Once in a while, you’ll effect a traffic stop and the driver will claim to be ill and on the way to the hospital. So you ask if it’s a medical emergency and inquire as to whether they need an ambulance. Most say no, but I did have one woman who asked for an ambulance after complaining of some rather vague symptoms. I followed her to the hospital and wrote out her tickets there. She seemed surprised by this, and when asked by the triage nurse what her chief complaint was, she struggled to come up with one. I thought about suggesting “The cop didn’t go away when I faked a medical problem” as her chief complaint but ultimately thought better of it.
In a perfect world, a world nothing like this one, drivers would immediately and safely pull over to the right when a squad car with lights and siren approached. This is what the law requires. But you always have the motorists who pull into the right lane but keep going at the same clip, paralleling you, as if they have just deputized themselves and are responding along with you to lend a hand. Or you get the drivers who have plenty of room to change lanes but instead elect to stop dead in front of you, too paralyzed to move, as if this situation will somehow go away if they remain perfectly still.
18 Things Cops Know About Traffic
There are various reasons for this Nothing is more noncompliance with the law. Some infuriating than being drivers are absorbed in their cell phones. Others drive cars that are slowed down on your sound baffled, making it more diffi- way to a hot call. Even cult to hear sirens. A police sergeant I know once told me he’d be off duty the most low-wattage and look in his rearview mirror and officer has been known see the lights of a patrol car right to howl obscenities at on top of him. Why didn’t he notice the errant motorist. that squad car before? Because, he explained, he was half deaf from listening to his own sirens for the last sixteen years. Whatever the reason, nothing is more infuriating than being slowed down on your way to a hot call. Even the most low-wattage officer has been known to howl obscenities at the errant motorist. Most of the frustration stems from the precious seconds ticking away, but what also goads you is that there isn’t much you can do about it. You can’t stop and issue the driver a ticket, because the call you’re going to can’t wait. You might be able to scrawl down their license number, but it’s difficult to find time afterward to follow up on these cases. What you want to do is briefly pull alongside these offending drivers, ask for their license, snap it into fifths, politely hand them back the pieces, and proceed onward.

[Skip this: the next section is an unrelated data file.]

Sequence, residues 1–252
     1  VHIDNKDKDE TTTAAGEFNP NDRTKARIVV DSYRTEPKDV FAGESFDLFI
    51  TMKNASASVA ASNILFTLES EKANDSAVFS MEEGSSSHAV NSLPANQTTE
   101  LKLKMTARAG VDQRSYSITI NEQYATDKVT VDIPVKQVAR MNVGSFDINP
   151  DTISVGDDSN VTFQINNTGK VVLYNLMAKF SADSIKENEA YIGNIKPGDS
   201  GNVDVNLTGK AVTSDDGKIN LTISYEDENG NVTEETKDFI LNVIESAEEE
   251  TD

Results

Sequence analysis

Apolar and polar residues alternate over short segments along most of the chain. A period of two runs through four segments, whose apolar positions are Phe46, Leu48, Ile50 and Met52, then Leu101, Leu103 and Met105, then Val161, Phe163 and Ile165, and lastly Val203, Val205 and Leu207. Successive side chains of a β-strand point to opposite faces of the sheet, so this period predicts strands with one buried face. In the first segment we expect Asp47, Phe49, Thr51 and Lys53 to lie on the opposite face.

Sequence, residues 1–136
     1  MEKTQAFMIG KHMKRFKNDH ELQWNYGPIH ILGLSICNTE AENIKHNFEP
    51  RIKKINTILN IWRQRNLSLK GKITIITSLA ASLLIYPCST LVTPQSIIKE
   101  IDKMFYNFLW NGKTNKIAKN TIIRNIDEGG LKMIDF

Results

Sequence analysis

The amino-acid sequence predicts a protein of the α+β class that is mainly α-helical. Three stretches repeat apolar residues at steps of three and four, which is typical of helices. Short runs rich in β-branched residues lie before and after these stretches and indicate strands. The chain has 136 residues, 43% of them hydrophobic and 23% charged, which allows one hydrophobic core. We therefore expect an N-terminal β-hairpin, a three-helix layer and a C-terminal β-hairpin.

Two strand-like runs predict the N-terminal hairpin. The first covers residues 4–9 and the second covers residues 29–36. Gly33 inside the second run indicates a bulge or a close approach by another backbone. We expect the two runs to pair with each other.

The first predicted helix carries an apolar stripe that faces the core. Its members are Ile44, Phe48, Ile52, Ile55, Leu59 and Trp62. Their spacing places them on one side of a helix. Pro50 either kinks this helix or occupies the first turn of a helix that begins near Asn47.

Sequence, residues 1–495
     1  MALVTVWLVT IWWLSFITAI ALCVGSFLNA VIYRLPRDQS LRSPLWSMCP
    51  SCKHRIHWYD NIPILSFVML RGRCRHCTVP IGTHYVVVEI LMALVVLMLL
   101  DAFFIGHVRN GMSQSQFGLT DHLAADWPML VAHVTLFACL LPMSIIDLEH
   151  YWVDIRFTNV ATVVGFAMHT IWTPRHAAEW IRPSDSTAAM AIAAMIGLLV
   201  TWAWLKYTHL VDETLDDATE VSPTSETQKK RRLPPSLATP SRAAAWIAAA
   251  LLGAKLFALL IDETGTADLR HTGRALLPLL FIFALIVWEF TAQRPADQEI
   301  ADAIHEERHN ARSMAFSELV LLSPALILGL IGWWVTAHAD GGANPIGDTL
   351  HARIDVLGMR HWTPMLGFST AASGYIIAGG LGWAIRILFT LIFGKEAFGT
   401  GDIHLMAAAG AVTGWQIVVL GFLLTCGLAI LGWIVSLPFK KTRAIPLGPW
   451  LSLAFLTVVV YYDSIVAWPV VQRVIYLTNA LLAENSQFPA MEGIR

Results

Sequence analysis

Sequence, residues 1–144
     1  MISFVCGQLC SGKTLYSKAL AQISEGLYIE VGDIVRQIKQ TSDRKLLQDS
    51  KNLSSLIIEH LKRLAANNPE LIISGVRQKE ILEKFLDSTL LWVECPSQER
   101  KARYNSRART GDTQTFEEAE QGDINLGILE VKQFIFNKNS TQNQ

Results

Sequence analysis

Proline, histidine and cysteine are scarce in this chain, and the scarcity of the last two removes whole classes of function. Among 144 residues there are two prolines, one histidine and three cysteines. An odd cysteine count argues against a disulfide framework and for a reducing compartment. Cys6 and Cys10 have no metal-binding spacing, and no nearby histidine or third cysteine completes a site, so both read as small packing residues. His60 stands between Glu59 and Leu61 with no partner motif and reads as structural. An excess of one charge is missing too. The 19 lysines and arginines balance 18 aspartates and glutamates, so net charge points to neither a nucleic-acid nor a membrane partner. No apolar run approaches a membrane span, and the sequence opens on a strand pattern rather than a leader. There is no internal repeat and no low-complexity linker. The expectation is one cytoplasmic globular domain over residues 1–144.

If you are hit by a car at work while you are on foot but you are not badly injured, your coworkers will express some nominal concern about your well-being quickly followed by a rush to come up with an appropriate nickname for you, which will probably be Speedbump.
If you come across a traffic accident that involves downed power lines, have all the vehicle occupants put their hands in their pockets so they don’t touch anything and tell them to stay in their car. They’ll be protected from electrocution there because car tires are rubber and grounded. If they’re already out, have them shuffle at least fifty feet from the car because the ground around them could be energized. If they start to run, they’ll get zapped as soon as they pick up a foot. And if they get closer
400 Things Cops Know
than six feet to a live wire, it can actually come after them like some kind of sentient snake, as wires naturally seek the low ground.
You don’t always have a lot of time to pull cars over, especially when the calls for service are being dispatched at a breakneck pace, so when you do, you’re looking for a decent payoff, like a driver with open warrants, or drugs, or a gun. For that reason, you tend not to pull over women, who, statistically, don’t yield this type of payoff as often as men. If you were ever called before a commission on Gender Equality in Traffic Stops, you would be found lacking. But you believe in your methodology and have had success with it. When you pull a car over without knowing the sex of the driver and then see it’s a woman, you go ahead with the stop and usually find no good warrants, no drugs, and no guns. You then leave, your philosophy reinforced, although once in a while, you picture a trio of female armed robbers in a car, the vehicle stuffed with weapons and ill-gotten gains as they pass and give you a sweet, collective wave as you wave back absently, scanning for a male driver to stop. It may be worth noting here that I don’t know how many female cops share this philosophy of avoiding women drivers on traffic stops. Perhaps I shouldn’t speak for my female colleagues. As my wife is quick to point out to me, I don’t know much about women.
About the Author
dam Plantinga holds a B.A. in English with a second major in criminology/law studies from Marquette University, where he graduated Phi Beta Kappa and magna cum laude in 1995. Plantinga’s short story “Untitled” was included in the anthology 25 and Under/Fiction and Washington Post book critic George Garrett called it his candidate for the best story in the book. He has written thirteen nonfiction articles on various aspects of police work for the literary magazine The Cresset, published by the Valparaiso University Press. Plantinga was a City of Milwaukee police officer from 2001 to 2008, including time spent as a field training officer. He is currently a sergeant with the San Francisco Police Department. He lives in the Bay Area with his wife and daughters.